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MyShingle Profile: Jay Fleischman, New York Bankruptcy Lawyer

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The MyShingle profiles are an experimental feature here at MyShingle – to offer some insight into the careers of practicing solo and small firm attorneys, with questions on how they got their start to what gets them going in the morning.  My thanks to Jay Fleischman and Walter James (next post) for serving as guinea pigs for this feature.So without further, ado, meet Jay S. Fleischman – New York Bankruptcy Lawyer.

Jay S. Fleischman is a New York bankruptcy and consumer protection and a lawyer who helps other lawyers market, manage and grow their practices.  He is the New York co-chair of the National Association of Consumer Bankruptcy Attorneys, a co-founder and the current President of the Bankruptcy Law Network, and a member of the National Association of Consumer Advocates.  He lives in Brooklyn, NY with his wife, son and dog.”

1.  What kind of law do you practice?

I am a consumer protection lawyer concentrating in consumer bankruptcy, debt collection abuse, and credit reporting errors.  I represent consumers only.

2.  When did you start your firm and why?

I began my firm on December 19, 2005 after giving notice one day before raises and bonuses were announced at my former employer.  My timing was deliberate, and based on my fear of: (a) if my raise and bonus were too good then I’d find it more difficult to leave; and (b) if my raise and bonus were below my expectations then I might suffer a crisis of confidence.

3.  How large is your law firm?

My firm has been as large as 12 people, and is now comprised solely of me.  I employ a large network of virtual assistants and of-counsel attorneys who all come together to work on matters as needed.  This allows me to expand and contract as needed without worrying about bloated overhead that plagues so many lawyers.

4.  What was the biggest challenge that you faced in starting your practice and how did you address it?

My biggest challenge was in learning how to effectively market and manage my practice.  Lawyers suffer from a knowledge gap when it comes to marketing and managing a successful business, so looking to other lawyers and law firms proved fruitless.  I addressed the challenge by looking outside of the legal industry and modeling my practice on successful business principles.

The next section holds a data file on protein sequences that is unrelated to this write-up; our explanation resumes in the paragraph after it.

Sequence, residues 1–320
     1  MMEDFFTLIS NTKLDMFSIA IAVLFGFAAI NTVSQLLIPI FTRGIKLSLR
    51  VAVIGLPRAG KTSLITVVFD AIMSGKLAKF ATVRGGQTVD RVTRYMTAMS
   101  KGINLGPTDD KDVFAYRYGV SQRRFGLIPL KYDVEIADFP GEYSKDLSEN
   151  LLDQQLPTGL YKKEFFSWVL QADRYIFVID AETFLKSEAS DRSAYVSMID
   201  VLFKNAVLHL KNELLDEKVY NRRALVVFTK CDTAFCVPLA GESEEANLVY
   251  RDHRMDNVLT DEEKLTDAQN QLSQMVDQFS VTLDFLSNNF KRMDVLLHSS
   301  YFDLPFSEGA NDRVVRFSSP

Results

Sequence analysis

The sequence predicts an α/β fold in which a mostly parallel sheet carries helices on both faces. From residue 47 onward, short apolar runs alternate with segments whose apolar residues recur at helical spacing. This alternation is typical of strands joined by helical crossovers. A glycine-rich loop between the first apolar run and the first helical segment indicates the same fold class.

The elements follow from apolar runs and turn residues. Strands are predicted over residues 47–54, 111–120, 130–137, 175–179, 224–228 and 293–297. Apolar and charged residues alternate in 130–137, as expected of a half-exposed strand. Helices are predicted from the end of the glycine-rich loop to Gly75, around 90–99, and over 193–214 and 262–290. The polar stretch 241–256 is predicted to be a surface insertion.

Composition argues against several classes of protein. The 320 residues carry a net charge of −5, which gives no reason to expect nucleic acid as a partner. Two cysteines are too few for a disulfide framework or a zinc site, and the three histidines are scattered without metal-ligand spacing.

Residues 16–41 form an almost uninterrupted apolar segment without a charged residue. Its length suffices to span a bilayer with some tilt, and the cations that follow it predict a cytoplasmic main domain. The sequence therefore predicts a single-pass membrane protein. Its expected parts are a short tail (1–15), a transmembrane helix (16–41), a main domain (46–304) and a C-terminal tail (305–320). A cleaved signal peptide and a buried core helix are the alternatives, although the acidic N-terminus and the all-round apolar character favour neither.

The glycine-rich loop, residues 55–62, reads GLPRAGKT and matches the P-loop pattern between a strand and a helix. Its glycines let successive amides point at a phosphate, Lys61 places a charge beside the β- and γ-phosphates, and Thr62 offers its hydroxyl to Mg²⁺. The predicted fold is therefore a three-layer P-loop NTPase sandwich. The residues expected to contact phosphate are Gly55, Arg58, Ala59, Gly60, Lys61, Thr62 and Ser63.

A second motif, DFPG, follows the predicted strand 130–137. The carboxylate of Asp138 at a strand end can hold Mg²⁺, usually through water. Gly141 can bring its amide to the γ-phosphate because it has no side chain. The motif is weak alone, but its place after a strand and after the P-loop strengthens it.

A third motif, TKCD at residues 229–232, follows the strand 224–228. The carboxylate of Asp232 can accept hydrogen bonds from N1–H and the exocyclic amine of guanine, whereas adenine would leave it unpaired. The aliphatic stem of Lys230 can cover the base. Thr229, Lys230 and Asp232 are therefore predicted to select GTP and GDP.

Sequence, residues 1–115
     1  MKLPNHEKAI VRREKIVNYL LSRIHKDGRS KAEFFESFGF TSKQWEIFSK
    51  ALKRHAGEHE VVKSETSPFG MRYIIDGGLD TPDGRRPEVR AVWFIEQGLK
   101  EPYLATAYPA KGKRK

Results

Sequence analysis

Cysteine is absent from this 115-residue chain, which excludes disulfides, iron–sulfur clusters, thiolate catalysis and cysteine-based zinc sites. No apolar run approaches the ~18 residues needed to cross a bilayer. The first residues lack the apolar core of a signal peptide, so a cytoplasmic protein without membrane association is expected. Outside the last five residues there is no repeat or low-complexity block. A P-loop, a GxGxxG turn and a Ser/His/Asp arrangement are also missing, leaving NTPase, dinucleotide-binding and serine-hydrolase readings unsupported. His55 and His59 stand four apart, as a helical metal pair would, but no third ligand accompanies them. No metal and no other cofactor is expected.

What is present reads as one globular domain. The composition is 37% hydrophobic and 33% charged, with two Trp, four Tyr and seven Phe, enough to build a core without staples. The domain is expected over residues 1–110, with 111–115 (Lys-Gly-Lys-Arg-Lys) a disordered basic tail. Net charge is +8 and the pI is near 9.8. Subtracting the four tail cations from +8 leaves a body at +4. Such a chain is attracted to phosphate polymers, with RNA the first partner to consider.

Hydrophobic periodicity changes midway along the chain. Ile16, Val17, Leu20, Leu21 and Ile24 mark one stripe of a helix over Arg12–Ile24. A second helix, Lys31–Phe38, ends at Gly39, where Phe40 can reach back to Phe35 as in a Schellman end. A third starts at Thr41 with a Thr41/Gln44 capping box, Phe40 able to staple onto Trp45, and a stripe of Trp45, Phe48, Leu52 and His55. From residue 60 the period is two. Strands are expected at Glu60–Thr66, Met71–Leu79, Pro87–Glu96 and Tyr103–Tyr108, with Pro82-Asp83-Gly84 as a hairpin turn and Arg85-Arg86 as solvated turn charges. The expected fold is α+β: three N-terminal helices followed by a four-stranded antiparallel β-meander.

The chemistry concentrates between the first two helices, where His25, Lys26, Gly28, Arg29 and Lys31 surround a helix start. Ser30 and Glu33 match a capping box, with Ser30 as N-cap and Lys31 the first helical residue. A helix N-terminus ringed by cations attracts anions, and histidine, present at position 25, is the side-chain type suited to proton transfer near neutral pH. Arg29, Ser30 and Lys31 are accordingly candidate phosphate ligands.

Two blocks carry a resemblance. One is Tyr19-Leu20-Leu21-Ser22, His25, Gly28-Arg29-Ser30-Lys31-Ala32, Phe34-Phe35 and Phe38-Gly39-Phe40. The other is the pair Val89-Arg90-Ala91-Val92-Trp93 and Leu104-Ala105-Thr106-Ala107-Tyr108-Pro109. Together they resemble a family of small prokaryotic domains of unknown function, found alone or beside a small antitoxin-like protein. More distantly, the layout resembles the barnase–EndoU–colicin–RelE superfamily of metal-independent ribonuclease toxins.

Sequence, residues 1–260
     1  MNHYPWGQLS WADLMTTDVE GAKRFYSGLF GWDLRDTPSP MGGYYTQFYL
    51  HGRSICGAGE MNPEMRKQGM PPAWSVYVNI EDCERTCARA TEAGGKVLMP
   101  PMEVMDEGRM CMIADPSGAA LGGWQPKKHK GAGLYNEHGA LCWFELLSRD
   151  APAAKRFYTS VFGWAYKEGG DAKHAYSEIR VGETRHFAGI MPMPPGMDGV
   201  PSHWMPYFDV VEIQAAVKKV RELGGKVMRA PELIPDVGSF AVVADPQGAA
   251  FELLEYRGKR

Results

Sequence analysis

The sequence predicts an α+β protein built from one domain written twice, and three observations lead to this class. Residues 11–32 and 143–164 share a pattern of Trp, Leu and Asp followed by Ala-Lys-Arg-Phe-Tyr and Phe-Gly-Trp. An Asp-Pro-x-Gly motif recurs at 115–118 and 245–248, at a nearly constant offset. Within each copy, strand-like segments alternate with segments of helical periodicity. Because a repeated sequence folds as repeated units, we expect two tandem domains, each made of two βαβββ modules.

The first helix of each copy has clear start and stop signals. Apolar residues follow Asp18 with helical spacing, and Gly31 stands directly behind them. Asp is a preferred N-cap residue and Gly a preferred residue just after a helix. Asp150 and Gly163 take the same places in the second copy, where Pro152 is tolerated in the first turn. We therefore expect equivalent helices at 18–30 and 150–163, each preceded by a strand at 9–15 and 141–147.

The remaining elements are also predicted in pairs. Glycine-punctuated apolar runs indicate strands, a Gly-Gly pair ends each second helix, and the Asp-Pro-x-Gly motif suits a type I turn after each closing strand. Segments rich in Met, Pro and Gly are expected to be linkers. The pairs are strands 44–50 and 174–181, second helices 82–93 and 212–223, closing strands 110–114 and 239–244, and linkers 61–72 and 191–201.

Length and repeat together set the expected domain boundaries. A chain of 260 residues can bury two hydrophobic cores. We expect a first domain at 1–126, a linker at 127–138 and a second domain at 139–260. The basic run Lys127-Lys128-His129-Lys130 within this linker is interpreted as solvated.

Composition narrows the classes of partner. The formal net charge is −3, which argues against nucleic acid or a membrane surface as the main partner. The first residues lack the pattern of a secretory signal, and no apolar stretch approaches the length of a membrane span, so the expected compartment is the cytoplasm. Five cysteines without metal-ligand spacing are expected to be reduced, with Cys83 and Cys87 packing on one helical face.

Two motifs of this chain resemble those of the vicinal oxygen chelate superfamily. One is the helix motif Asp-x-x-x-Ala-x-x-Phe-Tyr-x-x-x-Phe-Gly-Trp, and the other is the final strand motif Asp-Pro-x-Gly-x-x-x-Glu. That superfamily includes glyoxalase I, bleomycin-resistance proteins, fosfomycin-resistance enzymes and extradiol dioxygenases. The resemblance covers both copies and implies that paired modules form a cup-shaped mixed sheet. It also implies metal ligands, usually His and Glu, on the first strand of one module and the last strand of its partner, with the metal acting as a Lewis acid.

5.  Who was your first client – and how did he or she find you?

My first client was a woman who was experiencing bill problems.  She was a single mom with a young daughter, no insurance, and extreme debt due to her daughter’s chronic illness.  She found me from a print ad in a local newspaper, and called during the worst snowstorm New York City had experienced in years (Monday, January 8, 1996 was the day I was in the office, and the day everyone else was home or playing out in the 17″ of snow we got that day).  I was convinced someone would call, and she did – but she chose me because (shock) I was the only one at work to answer her questions.

6.  Is there a lawyer whom you consider a mentor and if so, how did you find each other and how has he/she helped you?

I have been exceptionally lucky to have found an entire network of mentors in the world of consumer bankruptcy.  Not only the attorney members of the National Association of Consumer Bankruptcy Attorneys, but also those involved with me in Bankruptcy Law Network.  Without these incredibly helpful and intelligent lawyers I would never have attained my current level of knowledge.

7.  What do you find  (a) most challenging and (b) most rewarding about your practice specialties?

I am blessed to be practicing in a field that allows me to see people at their worst and effect a real change in their lives.  Money makes the world go around, and helping people get back on their financial feet is very rewarding.

8.  Share an “aha” moment of your practice – a time when you realized that you were doing exactly what you were supposed to be doing.